US-North Korean War Could Trigger a Russian-American Nuclear Exchange

US-North Korean War Could Trigger a Russian-American Nuclear Exchange (Source Russia Insider)

In the event that North Korea tests another Intercontinental Ballistic Missile (ICBM) or potentially launches an attack on the United States, the Pentagon could try to intercept those missiles with the Ground-Based Midcourse Defense (GMD) system. However, as many analysts have pointed out, the interceptors that miss their target could reenter the Earth’s atmosphere inside Russian airspace. Such an eventuality could prove to be a serious problem unless steps are taken to address the issue now. “You should also be aware of the concern that those interceptors fired from Alaska that miss or don’t engage an incoming North Korean ICBM(s) will continue on and reenter the Earth’s atmosphere over Russia,” Kingston Reif, director for disarmament and threat reduction policy at the Arms Control Association told The National Interest. “This carries a nontrivial risk of unintended escalation.” Jeffrey Lewis, director of the East Asia Nonproliferation Program at the James Martin Center for Nonproliferation Studies at the Middlebury Institute of International Studies at Monterey, told The National Interest that the United States should open a dialogue with Russia on the issue immediately. “Good god, yes,” Lewis said emphatically. Olya Oliker, director of the Russia and Eurasia program at the Center for Strategic and International Studies agreed.

“We have time now to consult with Moscow, talk about plans, discuss how notification would work,” Oliker told The National Interest.

“This isn’t the rocket science part of all this.”

Indeed, in a recent op-ed, Lewis argues that an American interceptor launch could accidentally trigger a nuclear exchange if the Russians mistook such a weapon for an incoming ICBM.

“We can’t assume that Russia would realize the launch from Alaska was a missile defense interceptor rather than an ICBM. From Russia, the trajectories might appear quite similar, especially if the radar operator was under a great deal of stress or pressure,” Lewis wrote for The Daily Beast. “It doesn’t matter how Russia’s early warning system ought to work on paper, the reality of the Russian system in practice has been a lot less impressive.”

Joshua H. Pollack, editor of the The Nonproliferation Review and a senior research associate at the James Martin Center for Nonproliferation Studies, said that the danger is real.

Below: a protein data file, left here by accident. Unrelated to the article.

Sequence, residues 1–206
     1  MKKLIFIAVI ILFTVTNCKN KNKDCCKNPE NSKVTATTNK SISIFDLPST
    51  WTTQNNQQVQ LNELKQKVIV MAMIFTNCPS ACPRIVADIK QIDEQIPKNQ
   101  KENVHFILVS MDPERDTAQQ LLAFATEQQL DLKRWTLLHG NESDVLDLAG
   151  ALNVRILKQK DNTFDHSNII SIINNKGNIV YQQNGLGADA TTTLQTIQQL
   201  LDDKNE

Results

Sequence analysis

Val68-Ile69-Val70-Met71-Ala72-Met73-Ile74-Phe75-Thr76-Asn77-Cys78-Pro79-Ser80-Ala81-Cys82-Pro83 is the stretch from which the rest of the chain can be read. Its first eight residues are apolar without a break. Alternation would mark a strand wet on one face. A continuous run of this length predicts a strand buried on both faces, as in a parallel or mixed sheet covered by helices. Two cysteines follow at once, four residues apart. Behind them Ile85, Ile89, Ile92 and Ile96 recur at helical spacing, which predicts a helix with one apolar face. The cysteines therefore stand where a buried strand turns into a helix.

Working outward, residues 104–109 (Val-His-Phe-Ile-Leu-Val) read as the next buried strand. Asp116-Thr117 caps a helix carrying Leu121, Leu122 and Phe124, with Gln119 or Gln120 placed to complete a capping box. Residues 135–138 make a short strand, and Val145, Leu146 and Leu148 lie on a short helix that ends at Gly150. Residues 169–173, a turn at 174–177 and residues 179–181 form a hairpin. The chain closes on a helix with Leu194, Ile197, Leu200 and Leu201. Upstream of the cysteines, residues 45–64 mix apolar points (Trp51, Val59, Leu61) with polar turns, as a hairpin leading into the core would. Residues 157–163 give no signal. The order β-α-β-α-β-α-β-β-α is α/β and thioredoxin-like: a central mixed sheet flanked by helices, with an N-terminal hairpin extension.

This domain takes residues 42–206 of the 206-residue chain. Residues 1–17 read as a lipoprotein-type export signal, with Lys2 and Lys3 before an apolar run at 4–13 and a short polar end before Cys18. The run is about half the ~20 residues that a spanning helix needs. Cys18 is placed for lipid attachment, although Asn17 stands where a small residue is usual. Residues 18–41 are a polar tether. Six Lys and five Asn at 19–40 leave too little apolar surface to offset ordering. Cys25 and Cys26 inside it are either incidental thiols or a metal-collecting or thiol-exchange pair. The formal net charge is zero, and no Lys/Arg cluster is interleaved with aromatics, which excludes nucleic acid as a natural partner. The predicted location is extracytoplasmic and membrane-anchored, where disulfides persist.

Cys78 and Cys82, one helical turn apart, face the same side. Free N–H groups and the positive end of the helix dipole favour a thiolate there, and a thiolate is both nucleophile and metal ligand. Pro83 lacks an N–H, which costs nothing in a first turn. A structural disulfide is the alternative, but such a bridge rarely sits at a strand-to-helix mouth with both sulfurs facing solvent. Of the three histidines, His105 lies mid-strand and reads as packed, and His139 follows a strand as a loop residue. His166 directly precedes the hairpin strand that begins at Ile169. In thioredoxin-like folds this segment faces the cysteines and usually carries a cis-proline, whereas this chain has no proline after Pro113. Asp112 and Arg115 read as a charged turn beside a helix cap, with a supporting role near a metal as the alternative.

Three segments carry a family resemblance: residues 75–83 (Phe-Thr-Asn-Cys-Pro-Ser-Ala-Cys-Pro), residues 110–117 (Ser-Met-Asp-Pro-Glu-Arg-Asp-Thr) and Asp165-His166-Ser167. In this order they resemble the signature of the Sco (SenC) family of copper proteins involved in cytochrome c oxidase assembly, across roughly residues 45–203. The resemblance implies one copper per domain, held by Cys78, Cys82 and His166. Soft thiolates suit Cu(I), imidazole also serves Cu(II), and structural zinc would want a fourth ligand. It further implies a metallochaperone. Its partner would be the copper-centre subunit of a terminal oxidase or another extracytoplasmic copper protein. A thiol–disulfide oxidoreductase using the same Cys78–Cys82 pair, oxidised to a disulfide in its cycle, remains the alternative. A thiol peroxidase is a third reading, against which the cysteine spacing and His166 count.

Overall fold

“Whether they actually would enter Russian airspace is probably less important than whether they break the line of sight of Russia’s early-warning radars,” Pollack said. “They do appear to plan in terms of launch-on-warning. That’s why I call this scenario ‘Russian Roulette.’”


Europe, China, Japan and The New World Order

Europe, China, Japan and The New World Order (Source

The alliance between the United States and Western Europe was the stabilizing bond of the post-World War II world order. The breakup of this alliance has been the subject of many articles. It is perhaps this development that most concerns world leaders. This is not just a passing phase due to the presidency of Donald Trump. Tensions within the nato alliance have been increasing for years. Even during the Cold War, France tried to steer between the two superpowers, and Germany tried to keep its options open. In spite of these tensions, the alliance held together for seven decades. Now, however, relations have plunged to an all-time low. China sees these transatlantic ties weakening, and it senses an opportunity. If President Trump makes an unpopular trip to Europe, Chinese leaders follow with a visit of their own. If America makes a move that Europeans don’t like, China does the opposite. President Trump denounces free trade? Chinese President Xi Jinping comes to Davos to personally denounce protectionism. Mr. Trump pulls out of the Paris climate-change accords? The EU and China publish a document calling the accords a “historic achievement” and sign their first-ever bilateral agreement on climate change.The European Union is already China’s largest trading partner. Many European leaders, including German Foreign Minister Sigmar Gabriel and Eurogroup President Jeroen Dijsselbloem, have already aggressively called for the EU to turn to China in order to counter President Trump. A Pew survey published in July found that majorities in Sweden, Germany, the Netherlands, France and Spain all believe that China is the world’s leading economic power. The two also already have a massive trade relationship. China is the EU’s biggest source of imports and number two destination for exports. Trade between the two averages over €1 billion a day. No wonder Andrei Lungu, president of the Romanian Institute for the Study of the Asia-Pacific, concluded that “the stars are perfectly aligned for the EU-China partnership to reach its full potential and become the world’s G-2”. As an economic giant without a geopolitical or military footprint in the Asia-Pacific, the EU is in a perfect position to engage with China,” he noted. “If the world’s foremost power has decided to go on vacation, somebody needs to take over its responsibilities,” he wrote. “The EU and China, the other two world economic powers, are the only ones that can.”